Sci-Fi Guy

Science fiction often contains insights about society


One of my first experiences with science fiction was with famed author Ray Bradbury’s short story Frost and Fire. The story centers around a civilization of humans on a planet where high levels of radiation have shortened the average lifespan to just eight days and how one person finds a rocket they can use to protect themselves and live longer. After poring over this story for days, rereading and trying to comprehend it, I realized there were a number of similarities to life on Earth, here and now. Life-threatening radiation? Impending dangers to humanity? An unlikely hero who can save the day?
Intrigued, I catapulted into the works of Isaac Asimov, Karel Čapek, H.G. Wells and other authors’ works, each time looking at how the overarching sci-fi could be a critique of the human condition and a gateway to imagine what the future could be like if we weren’t careful.
Take Čapek, for example––he himself coined the word “robot” in his play “R.U.R.,” which was published back in 1920. In the play, robots end up taking over human society, decades before the first artificial intelligence programs and the Internet sparked concerns of future “robot apocalypses.”
Admittedly, being interested in science fiction has often led me to be called a “nerd,” but I’ve usually brushed off this term––reading sci-fi opened up my mind quite a bit because it forced me to enter a mental time machine and think about what things could look like hundreds of thousands of years from now (I’m looking at you, Morlocks) and forced me to think about how some of our societal problems could be addressed along the way. And it’s not just books––sci-fi movies can tell many of these stories too (think “Star Wars” or “I, Robot” or “Ex Machina” or any other film out of myriad that show what could happen when we use science for different purposes like making intelligent robots).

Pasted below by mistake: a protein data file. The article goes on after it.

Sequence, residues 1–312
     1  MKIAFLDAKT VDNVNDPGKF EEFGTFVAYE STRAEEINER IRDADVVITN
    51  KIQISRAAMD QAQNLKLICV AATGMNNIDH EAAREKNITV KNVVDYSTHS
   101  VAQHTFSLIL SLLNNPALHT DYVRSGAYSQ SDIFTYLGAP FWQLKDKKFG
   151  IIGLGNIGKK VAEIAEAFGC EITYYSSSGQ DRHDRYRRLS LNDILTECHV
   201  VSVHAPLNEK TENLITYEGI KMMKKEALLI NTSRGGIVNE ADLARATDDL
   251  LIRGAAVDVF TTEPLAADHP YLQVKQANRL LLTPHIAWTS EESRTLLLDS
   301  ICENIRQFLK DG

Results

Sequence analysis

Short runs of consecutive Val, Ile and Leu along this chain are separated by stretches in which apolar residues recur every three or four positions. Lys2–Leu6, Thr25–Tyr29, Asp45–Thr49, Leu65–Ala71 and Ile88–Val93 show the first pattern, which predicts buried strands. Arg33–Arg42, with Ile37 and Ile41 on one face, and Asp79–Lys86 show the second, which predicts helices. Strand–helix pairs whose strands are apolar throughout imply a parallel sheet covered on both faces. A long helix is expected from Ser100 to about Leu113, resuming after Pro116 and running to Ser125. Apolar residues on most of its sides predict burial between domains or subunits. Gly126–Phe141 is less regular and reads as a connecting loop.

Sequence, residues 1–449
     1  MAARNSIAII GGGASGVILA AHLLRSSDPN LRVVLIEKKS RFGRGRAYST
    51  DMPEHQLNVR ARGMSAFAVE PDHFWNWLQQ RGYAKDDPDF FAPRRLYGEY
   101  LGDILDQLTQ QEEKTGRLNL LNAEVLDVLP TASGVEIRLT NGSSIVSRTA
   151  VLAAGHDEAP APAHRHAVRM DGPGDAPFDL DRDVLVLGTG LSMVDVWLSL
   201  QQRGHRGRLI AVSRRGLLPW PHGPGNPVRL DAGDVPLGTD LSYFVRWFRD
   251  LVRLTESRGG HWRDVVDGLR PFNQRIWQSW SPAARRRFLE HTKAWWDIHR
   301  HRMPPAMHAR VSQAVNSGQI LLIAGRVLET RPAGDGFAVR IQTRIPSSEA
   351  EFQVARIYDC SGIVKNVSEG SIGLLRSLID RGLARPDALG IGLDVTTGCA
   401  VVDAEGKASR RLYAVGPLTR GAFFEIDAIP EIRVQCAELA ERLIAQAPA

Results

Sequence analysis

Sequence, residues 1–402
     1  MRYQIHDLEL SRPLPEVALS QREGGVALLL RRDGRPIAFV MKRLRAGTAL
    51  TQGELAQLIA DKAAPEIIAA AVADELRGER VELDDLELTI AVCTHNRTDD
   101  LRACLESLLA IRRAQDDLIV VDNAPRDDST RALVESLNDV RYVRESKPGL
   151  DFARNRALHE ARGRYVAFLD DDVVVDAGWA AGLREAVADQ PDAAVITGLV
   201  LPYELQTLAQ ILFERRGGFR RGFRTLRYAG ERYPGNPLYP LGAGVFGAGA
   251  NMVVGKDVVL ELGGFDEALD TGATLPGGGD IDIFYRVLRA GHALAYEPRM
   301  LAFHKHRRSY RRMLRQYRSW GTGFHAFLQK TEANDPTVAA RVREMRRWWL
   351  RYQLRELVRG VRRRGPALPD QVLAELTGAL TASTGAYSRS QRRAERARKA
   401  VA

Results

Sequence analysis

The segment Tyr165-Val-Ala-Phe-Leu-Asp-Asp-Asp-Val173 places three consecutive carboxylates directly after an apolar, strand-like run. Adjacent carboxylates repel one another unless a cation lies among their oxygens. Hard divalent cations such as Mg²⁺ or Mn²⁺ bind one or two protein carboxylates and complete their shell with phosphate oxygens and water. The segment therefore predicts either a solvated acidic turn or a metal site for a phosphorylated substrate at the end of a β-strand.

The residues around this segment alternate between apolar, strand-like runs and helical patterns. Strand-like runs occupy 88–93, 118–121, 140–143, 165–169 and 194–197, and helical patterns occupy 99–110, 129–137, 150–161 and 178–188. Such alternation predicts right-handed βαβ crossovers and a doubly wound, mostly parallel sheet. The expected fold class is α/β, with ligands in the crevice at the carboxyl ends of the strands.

In all honesty, reading about all these different scenarios with supercomputers, mutated genomes and cyberviruses has been a rather insightful experience. Hey, maybe I’ll know how to stop a zombie apocalypse in 20 years because of one of these sci-fi books. If going through such an informative experience like this means you have to be known as a “nerd,” then I think we should all “nerd out” and get in touch with a bit of sci-fi.
We can learn a lot about insight and the human condition through sci-fi literature, and it would do everyone good to read just a little sci-fi or watch a sci-fi movie to get a glimpse of some of the thoughts, hopes, dreams and fears that exist for the future. My thoughts? Channel the “nerd.” There’s a little bit of realism in almost every aspect of science fiction, and if you read even one short story that can show you what it looks like, it could change your life.